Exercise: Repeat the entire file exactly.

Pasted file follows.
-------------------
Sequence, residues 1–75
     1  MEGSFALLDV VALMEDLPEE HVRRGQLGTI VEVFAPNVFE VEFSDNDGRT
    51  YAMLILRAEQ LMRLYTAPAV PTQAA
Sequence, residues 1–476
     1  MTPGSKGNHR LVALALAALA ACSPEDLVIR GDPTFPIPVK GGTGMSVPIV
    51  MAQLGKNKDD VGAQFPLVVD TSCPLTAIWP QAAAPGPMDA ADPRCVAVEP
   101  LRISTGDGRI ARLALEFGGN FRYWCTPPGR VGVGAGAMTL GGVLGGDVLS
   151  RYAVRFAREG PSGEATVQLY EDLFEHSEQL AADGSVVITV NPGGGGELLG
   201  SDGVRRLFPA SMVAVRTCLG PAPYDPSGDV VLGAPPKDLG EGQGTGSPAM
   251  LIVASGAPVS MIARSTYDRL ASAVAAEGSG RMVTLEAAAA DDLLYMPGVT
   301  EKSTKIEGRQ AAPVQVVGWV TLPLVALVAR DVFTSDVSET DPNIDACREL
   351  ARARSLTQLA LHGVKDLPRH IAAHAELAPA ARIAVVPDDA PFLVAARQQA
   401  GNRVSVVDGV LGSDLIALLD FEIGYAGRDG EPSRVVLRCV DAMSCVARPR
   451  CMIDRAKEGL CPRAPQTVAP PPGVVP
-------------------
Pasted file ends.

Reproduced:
Sequence, residues 1–75
     1  MEGSFALLDV VALMEDLPEE HVRRGQLGTI VEVFAPNVFE VEFSDNDGRT
    51  YAMLILRAEQ LMRLYTAPAV PTQAA
Sequence, residues 1–476
     1  MTPGSKGNHR LVALALAALA ACSPEDLVIR GDPTFPIPVK GGTGMSVPIV
    51  MAQLGKNKDD VGAQFPLVVD TSCPLTAIWP QAAAPGPMDA ADPRCVAVEP
   101  LRISTGDGRI ARLALEFGGN FRYWCTPPGR VGVGAGAMTL GGVLGGDVLS
   151  RYAVRFAREG PSGEATVQLY EDLFEHSEQL AADGSVVITV NPGGGGELLG
   201  SDGVRRLFPA SMVAVRTCLG PAPYDPSGDV VLGAPPKDLG EGQGTGSPAM
   251  LIVASGAPVS MIARSTYDRL ASAVAAEGSG RMVTLEAAAA DDLLYMPGVT
   301  EKSTKIEGRQ AAPVQVVGWV TLPLVALVAR DVFTSDVSET DPNIDACREL
   351  ARARSLTQLA LHGVKDLPRH IAAHAELAPA ARIAVVPDDA PFLVAARQQA
   401  GNRVSVVDGV LGSDLIALLD FEIGYAGRDG EPSRVVLRCV DAMSCVARPR
   451  CMIDRAKEGL CPRAPQTVAP PPGVVP